Twitter (TWTR) finally IPO'd Thursday priced at $26 per share, opening over $45 per share and finally closing at $44.90 per share up 73% - a market capitalization over $24B. Over 113M shares traded hands. Insiders cashed out enough to create 3 new billionaires and a large flock of new millionaires. However, retail investors who are interested in investing in Twitter would be wise to wait a while and let the dust settle for several reasons.
Look At Recent Similar IPOs
One only needs to look back at the recent Facebook (FB) and Groupon (GRPN) IPOs to see what happens when the market gets whipped into an over-exuberant frenzy, about the latest greatest sensation, then feels the sting of post IPO drop to know why waiting is the best strategy. A quick review of the Facebook and Groupon post IPO graphs will illustrate why investors should wait and let the market calm down.
Look At The Market Cap
Consider that after its first day of trading, Twitter is now sporting a nearly $25B market capitalization. Compare Twitter's market cap to some other technology companies you may have heard of...
Micron (MU) - $18.31B
ARM Holdings (ARMH) - $21.31B
Corning (GLW) - $23.71B
Dell (DELL) - $24.39B
Adobe (ADBE) - $26.8B
It is absurd for a company that doesn't make a dime and hasn't really defined how it is going to monetize its 250M user platform has a market cap higher than any of the above listed companies. I understand the market is a forward-looking mechanism and pricing for the future, but oftentimes during IPOs and other times of over-exuberance (like the dot.com boom/bust) share prices get ahead of the actual prospects of the company. I believe Twitter's shares will fall as the excitement dies down and people realize it could be many years before Twitter will generate enough profits to justify a market cap of nearly $25B.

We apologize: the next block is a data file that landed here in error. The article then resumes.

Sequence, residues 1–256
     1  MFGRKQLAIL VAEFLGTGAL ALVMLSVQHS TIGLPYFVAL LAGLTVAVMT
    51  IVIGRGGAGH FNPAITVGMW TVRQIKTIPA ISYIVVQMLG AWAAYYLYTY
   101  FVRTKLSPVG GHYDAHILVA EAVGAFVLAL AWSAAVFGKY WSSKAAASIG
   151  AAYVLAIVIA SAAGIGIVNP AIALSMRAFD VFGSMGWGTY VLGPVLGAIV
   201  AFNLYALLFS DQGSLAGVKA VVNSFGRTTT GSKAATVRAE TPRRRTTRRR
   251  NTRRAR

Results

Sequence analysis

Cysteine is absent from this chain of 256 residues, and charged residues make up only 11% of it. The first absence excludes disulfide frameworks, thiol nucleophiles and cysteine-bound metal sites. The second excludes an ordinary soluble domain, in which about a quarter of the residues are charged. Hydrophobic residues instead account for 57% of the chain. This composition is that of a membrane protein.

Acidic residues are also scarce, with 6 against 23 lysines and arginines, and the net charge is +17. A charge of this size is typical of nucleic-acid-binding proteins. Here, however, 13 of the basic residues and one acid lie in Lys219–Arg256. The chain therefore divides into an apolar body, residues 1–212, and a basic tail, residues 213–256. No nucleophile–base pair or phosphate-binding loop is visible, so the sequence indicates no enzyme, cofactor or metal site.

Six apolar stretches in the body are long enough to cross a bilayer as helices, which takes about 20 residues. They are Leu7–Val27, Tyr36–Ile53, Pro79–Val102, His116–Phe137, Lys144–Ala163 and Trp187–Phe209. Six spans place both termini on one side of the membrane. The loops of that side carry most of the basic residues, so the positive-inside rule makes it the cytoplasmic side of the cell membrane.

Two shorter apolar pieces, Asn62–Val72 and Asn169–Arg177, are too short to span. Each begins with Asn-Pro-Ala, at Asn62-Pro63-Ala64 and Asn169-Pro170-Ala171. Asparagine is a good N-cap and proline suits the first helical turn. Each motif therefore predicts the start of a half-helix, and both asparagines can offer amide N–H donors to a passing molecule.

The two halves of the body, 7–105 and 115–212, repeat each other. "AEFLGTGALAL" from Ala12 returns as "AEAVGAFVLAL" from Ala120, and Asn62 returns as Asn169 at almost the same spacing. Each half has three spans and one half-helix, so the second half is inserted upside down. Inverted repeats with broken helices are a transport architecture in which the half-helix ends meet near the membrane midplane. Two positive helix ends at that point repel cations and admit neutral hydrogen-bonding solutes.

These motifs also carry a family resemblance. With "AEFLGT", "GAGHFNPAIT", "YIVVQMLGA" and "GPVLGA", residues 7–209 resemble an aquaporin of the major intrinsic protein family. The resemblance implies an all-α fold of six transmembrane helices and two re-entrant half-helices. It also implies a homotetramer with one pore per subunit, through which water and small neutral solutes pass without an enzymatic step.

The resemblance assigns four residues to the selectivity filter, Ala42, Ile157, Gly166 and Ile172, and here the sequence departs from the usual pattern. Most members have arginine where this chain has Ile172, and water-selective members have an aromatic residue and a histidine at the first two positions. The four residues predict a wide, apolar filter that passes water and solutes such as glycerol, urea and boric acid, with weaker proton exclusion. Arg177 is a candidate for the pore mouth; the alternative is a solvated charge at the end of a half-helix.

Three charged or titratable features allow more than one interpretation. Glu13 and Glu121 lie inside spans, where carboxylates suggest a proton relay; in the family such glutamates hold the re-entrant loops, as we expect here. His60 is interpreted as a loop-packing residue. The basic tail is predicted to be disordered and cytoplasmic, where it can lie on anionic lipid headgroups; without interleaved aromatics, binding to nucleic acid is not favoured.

Do You Trust The Information?
It appears that once again, just like with the Facebook IPO, main street investors are being fed a different and rosier outlook than the high paying clients of the investment bankers running the IPO. From an article by Fortune today:
According to the Wall Street Journal, analysts who work for Goldman Sachs (GS) and other banks on the IPO, which raised $1.8 billion, have been privately telling select investors that Twitter's revenue may not increase as fast as expected. The underwriters' analysts are predicting 55% growth next year. The rest of the Street is estimating 80%. For the following year, it's 32% vs. 58%. That's a huge difference for a company like Twitter that is not yet profitable and being judged mostly on its ability to grow.
Twitter may end up being wildly successful and actually deserving of a $25B market cap, but right now it isn't. I predict Twitter's share price will fall in the coming months, just like Facebook and Groupon shares did post IPO, as the hype wears off and investors actually lift the hood and see the operating results.
Additional disclosure: This article is informational and intended to spur thought and discussion. This article is NOT a substitute for your own extensive due diligence and does NOT qualify as investment advice. DO NOT BUY OR SELL STOCKS BASED ON THIS ARTICLE.